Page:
Caracoli, Alresford in Hampshire

May 28, 2012

This weekend, liquidjolt and the accomplice fled the oppressive, clagging heat of the city and headed down to my place of origin, lovely Hampshire. Never one to pass up the opportunity to get some coffee down the hatch, we headed to Alresford, a small town of great beauty and calm near my parents’ home. Alresford is a town of two main streets, terraced Georgian houses jostling for space with a range of independent shops catering for the denizens and visitors who come for the watercress and steam trains. Idyllic is a pretty obvious choice of adjective. And amongst this, the accomplice and I, with my dad making up the trio, found ourselves in Caracoli on Broad Street, a self-styled melding of coffee shop and food retailer in one space.

Caracoli’s coffee is not as good as it thinks it is.

CaracoliThe set-up in the shop is very pleasing, with a large counter showing a variety of delicacies and artisan sandwiches, though the prices are pretty steep (London, even). I queued to order for the group. And queued, and queued. Eventually I was able to place my order, and we sat. And waited. And waited. When something simple takes around fifteen minutes to order and make, you hope greatly that it’s been worth it. So I was excited when my coffees eventually turned up (I had ordered both an espresso and a macchiato, so as not to be on my feet waiting for the second half of proceedings). Dad had ordered a latté which he seemed reasonably pleased with. My espresso was fairly well-made, but although the crema was thick with promise the brew was too hot and this resulted in an extraction which was too bitter and acidic past the first mouthful. The macchiato was dolloped and though the milk was well enough made, as attested by dad’s coffee, it did not ameliorate the underlying issue of the shot. The roast is based on a Brazilian bean from Fazenda Ambiental Fortaleza which is a fantastic, sweet bean and, if it were left as a single origin, would be glorious. The addition of a Costa Rican from Naranjo probably over-eggs the acidity, but without tasting the roast in cupping, before the barista and the machine get their mitts on it, it is hard to know whether the weaknesses stem from the roast or the technique of the barista and the set-up in Caracoli. My instinct is to go for the latter though, as I fear the heat of the shot betrays one of the major problems. All in all, pretty disappointing.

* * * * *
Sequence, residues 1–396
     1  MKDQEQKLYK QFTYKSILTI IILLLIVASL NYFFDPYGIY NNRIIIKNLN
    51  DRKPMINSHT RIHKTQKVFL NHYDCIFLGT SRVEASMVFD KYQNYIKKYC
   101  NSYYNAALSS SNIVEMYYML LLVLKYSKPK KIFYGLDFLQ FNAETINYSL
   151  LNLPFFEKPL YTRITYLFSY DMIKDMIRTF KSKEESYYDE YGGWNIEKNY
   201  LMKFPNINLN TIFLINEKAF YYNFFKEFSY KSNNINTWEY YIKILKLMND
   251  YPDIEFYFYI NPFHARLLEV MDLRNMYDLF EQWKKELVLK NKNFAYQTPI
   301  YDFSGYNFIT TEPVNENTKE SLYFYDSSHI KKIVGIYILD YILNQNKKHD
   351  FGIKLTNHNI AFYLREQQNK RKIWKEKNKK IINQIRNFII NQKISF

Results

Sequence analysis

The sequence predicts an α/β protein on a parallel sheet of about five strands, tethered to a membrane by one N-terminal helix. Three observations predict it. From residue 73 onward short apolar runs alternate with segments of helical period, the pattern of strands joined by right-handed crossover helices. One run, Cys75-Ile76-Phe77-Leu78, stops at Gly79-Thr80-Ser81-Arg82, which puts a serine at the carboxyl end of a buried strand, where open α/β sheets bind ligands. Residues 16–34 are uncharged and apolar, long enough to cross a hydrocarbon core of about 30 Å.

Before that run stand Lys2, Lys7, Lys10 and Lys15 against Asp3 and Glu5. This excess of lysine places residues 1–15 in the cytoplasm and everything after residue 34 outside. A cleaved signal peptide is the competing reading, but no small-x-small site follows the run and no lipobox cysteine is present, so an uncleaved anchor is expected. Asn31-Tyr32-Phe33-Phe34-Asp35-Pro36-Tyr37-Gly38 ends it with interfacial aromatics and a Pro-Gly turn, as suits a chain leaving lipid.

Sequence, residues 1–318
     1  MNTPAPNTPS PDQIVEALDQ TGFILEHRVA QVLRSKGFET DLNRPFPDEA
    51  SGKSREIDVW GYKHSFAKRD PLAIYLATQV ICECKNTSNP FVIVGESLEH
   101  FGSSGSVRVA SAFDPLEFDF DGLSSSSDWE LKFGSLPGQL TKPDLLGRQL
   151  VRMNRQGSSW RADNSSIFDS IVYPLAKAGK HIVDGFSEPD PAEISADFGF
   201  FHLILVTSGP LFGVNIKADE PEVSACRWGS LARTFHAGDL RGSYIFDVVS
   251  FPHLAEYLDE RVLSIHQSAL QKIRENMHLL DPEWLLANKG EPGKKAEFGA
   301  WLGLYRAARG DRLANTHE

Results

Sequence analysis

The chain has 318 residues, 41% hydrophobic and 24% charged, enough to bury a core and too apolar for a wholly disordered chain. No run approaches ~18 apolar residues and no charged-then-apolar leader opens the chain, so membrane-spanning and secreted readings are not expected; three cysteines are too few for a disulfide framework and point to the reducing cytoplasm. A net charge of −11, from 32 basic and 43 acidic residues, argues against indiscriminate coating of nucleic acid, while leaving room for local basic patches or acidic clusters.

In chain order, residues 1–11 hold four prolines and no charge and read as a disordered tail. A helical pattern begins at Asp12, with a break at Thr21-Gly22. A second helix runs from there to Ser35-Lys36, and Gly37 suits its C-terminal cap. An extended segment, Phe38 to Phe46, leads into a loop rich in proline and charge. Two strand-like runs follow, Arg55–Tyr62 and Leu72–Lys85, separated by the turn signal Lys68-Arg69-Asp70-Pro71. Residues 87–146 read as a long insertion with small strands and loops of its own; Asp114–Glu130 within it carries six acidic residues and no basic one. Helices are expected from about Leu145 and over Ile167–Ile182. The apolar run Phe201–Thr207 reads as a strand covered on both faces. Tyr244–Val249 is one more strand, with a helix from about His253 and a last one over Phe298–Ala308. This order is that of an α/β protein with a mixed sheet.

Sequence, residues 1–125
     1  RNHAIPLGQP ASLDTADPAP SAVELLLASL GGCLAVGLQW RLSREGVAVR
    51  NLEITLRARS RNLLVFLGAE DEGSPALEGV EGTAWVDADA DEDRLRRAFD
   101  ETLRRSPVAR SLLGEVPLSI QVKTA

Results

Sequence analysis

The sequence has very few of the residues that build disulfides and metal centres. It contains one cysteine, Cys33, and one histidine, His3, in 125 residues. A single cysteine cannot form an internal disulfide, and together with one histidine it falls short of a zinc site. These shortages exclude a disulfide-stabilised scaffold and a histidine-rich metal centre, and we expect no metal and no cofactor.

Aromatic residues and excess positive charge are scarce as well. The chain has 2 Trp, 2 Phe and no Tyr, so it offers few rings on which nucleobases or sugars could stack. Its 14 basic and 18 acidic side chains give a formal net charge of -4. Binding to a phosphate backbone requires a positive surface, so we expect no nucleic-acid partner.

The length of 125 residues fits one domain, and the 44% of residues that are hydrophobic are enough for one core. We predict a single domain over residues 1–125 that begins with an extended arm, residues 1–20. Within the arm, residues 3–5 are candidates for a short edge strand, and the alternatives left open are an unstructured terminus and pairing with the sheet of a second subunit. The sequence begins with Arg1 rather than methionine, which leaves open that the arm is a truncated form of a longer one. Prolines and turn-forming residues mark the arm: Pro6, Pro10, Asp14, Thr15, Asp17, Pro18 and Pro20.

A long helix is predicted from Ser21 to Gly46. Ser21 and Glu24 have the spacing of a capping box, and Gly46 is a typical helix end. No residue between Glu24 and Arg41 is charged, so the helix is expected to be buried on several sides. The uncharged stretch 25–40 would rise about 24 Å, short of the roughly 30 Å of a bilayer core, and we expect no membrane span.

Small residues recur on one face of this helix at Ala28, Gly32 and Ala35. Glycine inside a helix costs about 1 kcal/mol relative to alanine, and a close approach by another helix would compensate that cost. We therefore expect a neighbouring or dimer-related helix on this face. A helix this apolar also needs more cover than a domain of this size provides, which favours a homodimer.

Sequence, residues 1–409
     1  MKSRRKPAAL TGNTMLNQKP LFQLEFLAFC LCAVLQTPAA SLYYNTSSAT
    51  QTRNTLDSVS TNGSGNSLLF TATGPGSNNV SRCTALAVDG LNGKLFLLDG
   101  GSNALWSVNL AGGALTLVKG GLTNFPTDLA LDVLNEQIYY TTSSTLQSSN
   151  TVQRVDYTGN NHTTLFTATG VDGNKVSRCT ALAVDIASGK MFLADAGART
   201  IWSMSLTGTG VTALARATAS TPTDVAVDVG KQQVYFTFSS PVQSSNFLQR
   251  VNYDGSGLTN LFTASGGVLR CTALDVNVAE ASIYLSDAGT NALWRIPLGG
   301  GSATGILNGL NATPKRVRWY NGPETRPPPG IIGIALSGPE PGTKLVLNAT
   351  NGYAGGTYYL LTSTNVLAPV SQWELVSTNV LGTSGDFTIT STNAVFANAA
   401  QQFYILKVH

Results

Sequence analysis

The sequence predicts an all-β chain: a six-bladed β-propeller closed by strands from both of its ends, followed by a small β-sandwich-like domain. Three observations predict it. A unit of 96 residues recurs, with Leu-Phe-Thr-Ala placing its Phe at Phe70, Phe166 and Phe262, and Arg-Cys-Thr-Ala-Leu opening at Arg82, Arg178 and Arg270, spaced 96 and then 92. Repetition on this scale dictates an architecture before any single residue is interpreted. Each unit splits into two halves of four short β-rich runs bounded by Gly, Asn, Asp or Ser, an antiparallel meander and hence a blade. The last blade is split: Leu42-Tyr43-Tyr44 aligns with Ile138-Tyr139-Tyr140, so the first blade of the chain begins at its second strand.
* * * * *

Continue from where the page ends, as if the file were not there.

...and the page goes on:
Which, in itself, is a shame, obviously, because when you purchase something you want it to be yummy and enjoyable. But the added issue here is that Caracoli thinks really very highly of itself. There is a slight smugness to proceedings which reminds me of the Espresso Room in Bloomsbury. The difference is that Hampshire is not a saturated market as far as coffee houses are concerned. You can claim to be the best around and you won’t be found out because there’s really nothing to be compared with. Caracoli as a food retailer is actually quite superb, as attested by several awards, and the scotch eggs they sell are sublime. I just worry that qualities exhibited and advertised in one section of a business can be assumed to transfer to other sections, without the commensurate effort and knowledge. In other words, Caracoli sell an interesting, expensive but well-assembled variety of foodstuffs. That doesn’t automatically mean their coffee is drinkable. And if you keep hearing that you do certain things very well, and there is no competition to keep you on your toes, you start to believe your own hype. The pressure of competition in London keeps the good places striving to improve: they know that another shop is just round the corner, producing quality cups and attracting interest, and if they don’t up their game, they’ll suffer. No-one is doing the same in Alresford, and possibly not in Hampshire, which means that Caracoli can wallow in a self-satisfied isolation which prevents them from improving.

During the session, the accomplice, the Dad, and I talked about service, and about how the best customer service, whether it is in coffee or book shops or anything else, is motivated not by a desire to engage artificially with a customer, or to set out to connect a corporate entity with a customer by gimmicks, but by actually caring, by actually loving what you do. You can’t manufacture a connection, you can only grow one by being friendly and knowledgeable and by being excited to sell what you’re selling because you value it and you want the customer to value it too. That is why even corporate coffee shops can produce this effect if their staff, at a shop level or an individual level, are like that, but it stands to reason that one is most likely to find it in smaller, independent shops. Irritatingly, Caracoli seems to feel like the customer should be grateful for its existence, and not the other way round. Sadly, I doubt it will ever have to learn differently.

Caracoli, 15 Broad Street, Alresford, Hampshire, SO24 9AR

Website with details

Also on Twitter: @caracolistore


4 Responses to “Caracoli, Alresford in Hampshire”

  1. Jak Haughton Says:

    Totally agree. We bought some cakes which we had to take back. The arrogance was staggering! Never again! I’m glad they’ve been found out!

    • liquidjolt Says:

      Sadly, you’re not the only who has commented to the same effect, which is a shame. Thank you for reading and responding; it’s greatly appreciated.

  2. Paul Lewis Says:

    My experience of the Winchester branch is totally different. The head barista Dhan shares his love of coffee with his customers, makes as perfect a drink as I have tasted and inspires his staff to great service.

    • staggeredhermit Says:

      Thanks for your comment, and that’s great to hear. Next time I’m down I will be sure to check it out and I’ve no doubt it will live up to your billing!

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